Born and bred in Philadelphia, 27-year-old Albert Eisenberg had a somewhat typical Jewish upbringing, but his career path is a decidedly modern one.
He grew up partly in the city and partly in Lower Merion — “where even my Catholic friends know what a good nosh is,” he said — and counts himself lucky for that experience.
His immediate family has a range of Jewish identities, from an atheist mother to a father and stepmother who keep kosher and read Torah, as a well as a frum sibling living in Israel.
As for work, Eisenberg runs a self-named social advertising and political consulting business. Here are some of his thoughts about his career and life in the Jewish community.
Q: What does a digital marketer and communication specialist do in this day and age, and how quickly is that role changing?
A: I focus on political messages that cut through the noise, which is more important than ever with the amount of content in the world.
One challenge that I face is tone, because all the incentive is toward snark, “clap-backs” or just pure hatefulness. That’s what’s rewarded on the social platforms. I think of myself as a bridge-builder. That can be tough today.
In other ways, the precepts of good communications have not changed at all. People crave principles that create order in a chaotic world, stories that compel them to action, and ideas that in some way organize and elevate their lives. This has been true since we first gathered around the campfire.
Q: How did you choose that career and what in your background/personal makeup makes it a good fit for you?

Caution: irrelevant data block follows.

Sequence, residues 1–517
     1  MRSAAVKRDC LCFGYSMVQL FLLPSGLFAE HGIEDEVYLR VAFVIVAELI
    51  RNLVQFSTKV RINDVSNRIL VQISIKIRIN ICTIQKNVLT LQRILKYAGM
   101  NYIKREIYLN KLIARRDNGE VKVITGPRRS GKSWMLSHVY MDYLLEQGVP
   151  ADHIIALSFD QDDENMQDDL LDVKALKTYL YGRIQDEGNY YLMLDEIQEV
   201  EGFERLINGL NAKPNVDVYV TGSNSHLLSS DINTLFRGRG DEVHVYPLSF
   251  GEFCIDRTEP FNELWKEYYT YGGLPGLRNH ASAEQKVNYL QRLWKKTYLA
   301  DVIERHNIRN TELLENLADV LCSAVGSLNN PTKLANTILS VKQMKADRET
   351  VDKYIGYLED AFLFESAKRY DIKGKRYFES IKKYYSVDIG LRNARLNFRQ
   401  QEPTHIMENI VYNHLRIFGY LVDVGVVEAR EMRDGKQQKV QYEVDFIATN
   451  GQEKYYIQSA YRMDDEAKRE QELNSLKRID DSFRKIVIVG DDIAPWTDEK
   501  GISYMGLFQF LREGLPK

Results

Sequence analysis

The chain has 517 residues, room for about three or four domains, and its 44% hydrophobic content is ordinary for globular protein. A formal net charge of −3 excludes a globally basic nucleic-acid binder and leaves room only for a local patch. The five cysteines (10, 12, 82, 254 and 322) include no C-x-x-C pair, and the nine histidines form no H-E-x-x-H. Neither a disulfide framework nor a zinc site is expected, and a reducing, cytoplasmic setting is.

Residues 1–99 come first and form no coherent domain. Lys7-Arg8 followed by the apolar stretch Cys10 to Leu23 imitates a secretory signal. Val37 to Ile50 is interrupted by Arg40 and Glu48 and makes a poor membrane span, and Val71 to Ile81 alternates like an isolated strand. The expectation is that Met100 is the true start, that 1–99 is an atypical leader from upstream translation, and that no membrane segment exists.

A: Some kids knew all the baseball stats. I always wanted to know all the members of Congress, and their various issues and quirks. This came pretty easily to me. I was always the kid in class raising his hand with a contrarian opinion, and growing up like this allowed me to foster an unconventional angle and sharpen my arguments.
Q: Have you ever worked with clients you didn’t like/respect/believe in and how did you make that relationship work?
A: The reason I moved on from the agency world (where I landed after college) was to apply my skills to clients I thought deserved a greater voice. So I’ve been able to do interesting work on issues I really care about, like LGBT issues on the Republican side, law enforcement and victims’ rights, school choice, and supporting the Jewish community in Philadelphia and abroad.
Every time you work on somebody else’s behalf, you do subvert a bit of yourself, but that’s just the natural dynamic of playing on a team.
Q: You’ve been involved in political communications on the Republican side. How do you deal with the rising levels of nasty discourse from both major parties?
A: It is certainly tough, even and especially with close friends and family that do not share my political beliefs. There is a scary and growing sentiment, that I see on the left especially, that if you aren’t for everything they support politically, you are essentially a bad person (a bigot, a homophobe, etc.) operating in bad faith. This is a dangerous mentality and has been personally isolating to me.
There is also a concept in the conservative movement of the “Happy Warrior,” somebody who puts on their armor and walks into the fight with a smile and sense of purpose. I try to channel that. Jews, above all, know that the world is not perfect, will never be perfect for us. Do I often feel scorn and even hatred because I work on the Republican side? Yes. Do I accept that this is the price of admission to do substantive work that I care about, and to perform my own version of tikkun olam? Also, yes.
Q: Are you involved in the Jewish community?
A: Yes, and I feel myself drawn to spiritual observance more and more so. Speaking the same words as my ancestors through the ages is a fundamentally grounding concept in a world that feels disjointed and isolating a lot of the time.
Q: Anything else related to your career or community involvement you’d like to mention?
A: My biggest interest is building diversity in the Republican party, both for LGBT people like myself and for other conservatives that “don’t fit the mold” of what you’d expect from the Republican Party (white, straight, old, Christian, male, etc.).